Despite proceeding pro se, it remains the plaintiff's duty to go forward in prosecuting the case. Pursuant to NECivR 41.2: "At any time, a case not being prosecuted with reasonable diligence may be dismissed for lack of prosecution." Further, Fed.R.Civ.P. 4(m) establishes a 120-day time limit for service of process on the defendant in a civil case, absent a showing of good cause. The court allowed the plaintiff additional time to make a showing of good cause for the failure of timely service on the defendants or show cause why the action should not be dismissed against such defendants. The plaintiff's deadline to serve process was extended by over ninety days. See Filing No. 14. The deadline for service of process expired. The plaintiff's failure to prosecute his claims subjects the plaintiff to dismissal of the complaint. See NECivR 41.2. Similarly, the plaintiff's failure to comply with this court's order subjects the plaintiff to dismissal of the complaint.

The Eighth Circuit explained the court's discretion to dismiss for failure to prosecute as follows:

The Federal Rules of Civil Procedure permit dismissal with prejudice "[f]or failure of a plaintiff to prosecute or to comply with these rules or any order of court." Fed.R.Civ.P. 41(b). Despite the breadth of this language, however, we have recognized that dismissal with prejudice is an extreme sanction that should be used only in cases of willful disobedience of a court order or where a litigant exhibits a pattern of intentional delay. This does not mean that the district court must find that the appellant acted in bad faith, but requires "only that he acted intentionally as opposed to accidentally or involuntarily."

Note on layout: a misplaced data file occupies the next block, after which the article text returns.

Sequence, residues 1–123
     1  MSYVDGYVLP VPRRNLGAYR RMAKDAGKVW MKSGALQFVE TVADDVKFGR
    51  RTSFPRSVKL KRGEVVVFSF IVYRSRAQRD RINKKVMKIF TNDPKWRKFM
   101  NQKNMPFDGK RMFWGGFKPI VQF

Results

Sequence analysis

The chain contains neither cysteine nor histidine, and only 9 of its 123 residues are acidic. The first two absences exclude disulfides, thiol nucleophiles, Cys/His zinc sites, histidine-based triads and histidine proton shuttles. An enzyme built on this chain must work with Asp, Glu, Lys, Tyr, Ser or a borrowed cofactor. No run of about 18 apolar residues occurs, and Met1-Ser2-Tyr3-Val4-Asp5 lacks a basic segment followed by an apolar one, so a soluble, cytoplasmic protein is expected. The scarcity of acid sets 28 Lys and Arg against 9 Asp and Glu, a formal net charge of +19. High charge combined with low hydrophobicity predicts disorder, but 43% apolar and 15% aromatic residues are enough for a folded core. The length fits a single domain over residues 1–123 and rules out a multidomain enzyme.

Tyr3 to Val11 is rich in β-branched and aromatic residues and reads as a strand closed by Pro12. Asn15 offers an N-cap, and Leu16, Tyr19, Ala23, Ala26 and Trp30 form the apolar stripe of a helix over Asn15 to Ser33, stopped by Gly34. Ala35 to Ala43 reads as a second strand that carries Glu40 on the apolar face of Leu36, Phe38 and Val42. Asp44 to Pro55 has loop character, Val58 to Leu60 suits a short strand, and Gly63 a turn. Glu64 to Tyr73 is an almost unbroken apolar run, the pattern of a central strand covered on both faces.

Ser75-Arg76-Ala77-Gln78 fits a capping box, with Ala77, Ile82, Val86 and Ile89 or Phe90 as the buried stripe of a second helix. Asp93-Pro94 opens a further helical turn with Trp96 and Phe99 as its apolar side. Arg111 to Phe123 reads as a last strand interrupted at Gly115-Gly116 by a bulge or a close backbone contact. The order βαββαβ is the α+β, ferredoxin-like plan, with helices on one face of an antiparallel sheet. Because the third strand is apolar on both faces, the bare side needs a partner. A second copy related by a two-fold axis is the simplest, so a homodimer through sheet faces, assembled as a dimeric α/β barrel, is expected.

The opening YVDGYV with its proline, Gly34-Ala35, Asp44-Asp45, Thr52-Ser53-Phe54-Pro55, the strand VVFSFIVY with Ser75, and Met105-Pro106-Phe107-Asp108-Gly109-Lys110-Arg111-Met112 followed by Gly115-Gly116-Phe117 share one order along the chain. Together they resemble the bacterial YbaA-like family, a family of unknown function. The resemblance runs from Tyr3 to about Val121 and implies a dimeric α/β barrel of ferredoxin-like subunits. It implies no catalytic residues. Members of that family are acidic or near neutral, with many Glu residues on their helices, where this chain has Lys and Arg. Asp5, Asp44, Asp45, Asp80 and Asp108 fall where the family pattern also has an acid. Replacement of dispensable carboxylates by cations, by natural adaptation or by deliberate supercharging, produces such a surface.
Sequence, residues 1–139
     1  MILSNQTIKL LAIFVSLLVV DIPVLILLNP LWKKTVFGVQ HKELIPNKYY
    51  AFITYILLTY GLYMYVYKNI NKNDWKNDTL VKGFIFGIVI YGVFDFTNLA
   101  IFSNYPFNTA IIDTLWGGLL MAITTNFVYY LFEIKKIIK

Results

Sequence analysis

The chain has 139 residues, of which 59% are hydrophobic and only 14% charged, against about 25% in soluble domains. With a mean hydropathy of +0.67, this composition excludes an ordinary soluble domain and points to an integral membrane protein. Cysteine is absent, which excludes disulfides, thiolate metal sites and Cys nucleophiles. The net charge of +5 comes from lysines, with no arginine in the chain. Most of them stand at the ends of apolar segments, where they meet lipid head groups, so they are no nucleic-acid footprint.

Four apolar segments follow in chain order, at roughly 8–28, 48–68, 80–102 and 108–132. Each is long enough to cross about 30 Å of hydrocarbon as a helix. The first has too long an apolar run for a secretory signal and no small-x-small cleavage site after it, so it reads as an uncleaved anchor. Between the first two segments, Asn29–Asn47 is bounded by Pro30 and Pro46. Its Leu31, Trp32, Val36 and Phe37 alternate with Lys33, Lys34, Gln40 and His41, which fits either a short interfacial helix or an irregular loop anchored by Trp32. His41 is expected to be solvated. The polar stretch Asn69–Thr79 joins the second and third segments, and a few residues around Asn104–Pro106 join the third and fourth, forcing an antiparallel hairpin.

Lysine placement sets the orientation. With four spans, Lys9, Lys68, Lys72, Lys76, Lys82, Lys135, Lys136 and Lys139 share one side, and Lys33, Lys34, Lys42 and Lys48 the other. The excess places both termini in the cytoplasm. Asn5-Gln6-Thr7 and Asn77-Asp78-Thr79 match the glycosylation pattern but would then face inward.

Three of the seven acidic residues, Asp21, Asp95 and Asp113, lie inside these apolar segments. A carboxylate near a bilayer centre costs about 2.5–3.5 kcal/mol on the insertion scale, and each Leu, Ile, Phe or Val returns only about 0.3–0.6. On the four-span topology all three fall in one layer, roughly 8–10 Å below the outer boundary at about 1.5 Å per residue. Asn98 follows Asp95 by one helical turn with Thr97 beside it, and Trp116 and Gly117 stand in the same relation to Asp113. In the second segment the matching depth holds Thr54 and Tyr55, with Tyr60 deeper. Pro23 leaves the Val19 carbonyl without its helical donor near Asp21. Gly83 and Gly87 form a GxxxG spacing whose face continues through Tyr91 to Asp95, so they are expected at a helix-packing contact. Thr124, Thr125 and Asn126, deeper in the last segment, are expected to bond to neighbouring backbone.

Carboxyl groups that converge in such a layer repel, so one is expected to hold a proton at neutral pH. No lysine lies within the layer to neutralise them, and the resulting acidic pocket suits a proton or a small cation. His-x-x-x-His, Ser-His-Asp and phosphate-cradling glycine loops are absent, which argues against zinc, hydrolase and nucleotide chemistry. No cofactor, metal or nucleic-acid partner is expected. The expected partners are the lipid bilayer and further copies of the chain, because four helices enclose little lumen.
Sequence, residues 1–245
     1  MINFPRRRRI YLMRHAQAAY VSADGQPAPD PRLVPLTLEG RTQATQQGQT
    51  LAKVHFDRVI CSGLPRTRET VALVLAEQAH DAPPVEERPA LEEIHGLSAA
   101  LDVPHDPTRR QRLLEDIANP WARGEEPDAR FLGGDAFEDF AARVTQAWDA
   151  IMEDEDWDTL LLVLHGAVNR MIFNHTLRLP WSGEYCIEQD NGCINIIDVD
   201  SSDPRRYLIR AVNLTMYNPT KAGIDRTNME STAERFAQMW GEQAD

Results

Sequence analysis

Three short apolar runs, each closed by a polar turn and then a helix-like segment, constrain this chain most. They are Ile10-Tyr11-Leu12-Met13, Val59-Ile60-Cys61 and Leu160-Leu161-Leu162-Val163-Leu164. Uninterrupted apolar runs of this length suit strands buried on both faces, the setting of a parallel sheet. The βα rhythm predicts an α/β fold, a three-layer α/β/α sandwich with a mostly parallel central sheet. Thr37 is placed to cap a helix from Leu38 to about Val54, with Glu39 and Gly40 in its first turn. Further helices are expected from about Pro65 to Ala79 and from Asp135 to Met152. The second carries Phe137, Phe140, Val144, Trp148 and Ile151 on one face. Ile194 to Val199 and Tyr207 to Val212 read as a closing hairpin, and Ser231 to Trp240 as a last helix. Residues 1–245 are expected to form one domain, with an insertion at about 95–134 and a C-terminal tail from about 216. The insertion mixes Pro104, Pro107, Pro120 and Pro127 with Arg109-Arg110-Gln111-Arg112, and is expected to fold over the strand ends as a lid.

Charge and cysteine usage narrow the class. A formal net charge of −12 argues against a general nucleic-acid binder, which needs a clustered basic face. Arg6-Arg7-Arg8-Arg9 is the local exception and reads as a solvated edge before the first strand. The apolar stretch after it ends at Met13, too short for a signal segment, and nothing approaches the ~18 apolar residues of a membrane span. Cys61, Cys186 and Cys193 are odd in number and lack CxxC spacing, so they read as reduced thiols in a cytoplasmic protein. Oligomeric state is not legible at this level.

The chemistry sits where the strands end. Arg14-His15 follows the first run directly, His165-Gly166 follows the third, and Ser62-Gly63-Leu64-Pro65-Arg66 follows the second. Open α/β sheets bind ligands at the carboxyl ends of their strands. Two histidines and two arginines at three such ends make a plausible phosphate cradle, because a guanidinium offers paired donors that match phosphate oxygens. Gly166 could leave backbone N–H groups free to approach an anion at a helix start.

Hunt v. City of Minneapolis, 203 F.3d 524, 527 (8th Cir. 2000) (citations omitted). The Eighth Circuit continued, noting the district court did not err in dismissing the action with prejudice after finding the plaintiff had "engaged in a persistent pattern of intentional delay by willfully disregarding court orders and violating the Federal Rules." Hunt, 203 F.3d at 527-28. However, the Eighth Circuit has also noted "[d]ismissal with prejudice is an extreme sanction and should be used only in cases of wilful disobedience of a court order or... persistent failure to prosecute a complaint." In re Popkin & Stern, 196 F.3d 933, 938 (8th Cir. 1999) (citations omitted); see Siems v. City of Minneapolis, 560 F.3d 824, 826 (8th Cir. 2009). The court must initially consider "the egregiousness of the plaintiff's conduct" and, secondarily, "the adverse affect of the plaintiff's conduct on the defendant and on the administration of justice." Otis v. Knudsen, No. 05-489, 2008 WL 4949157, at *3 (D. Minn. Nov. 17, 2008) (quoting Wright v. Sargent, 869 F.2d 1175, 1176 (8th Cir. 1989)).

In this case, the plaintiff has failed to comply with the court order requiring her to serve the defendants. The plaintiff has failed to maintain communication with the court. The plaintiff's lack of responsiveness interferes with the orderly processes of this court. Such failure has already contributed to a delay in progressing this case to resolution. The plaintiff's deadline to serve process extended by over ninety days at her request, but ...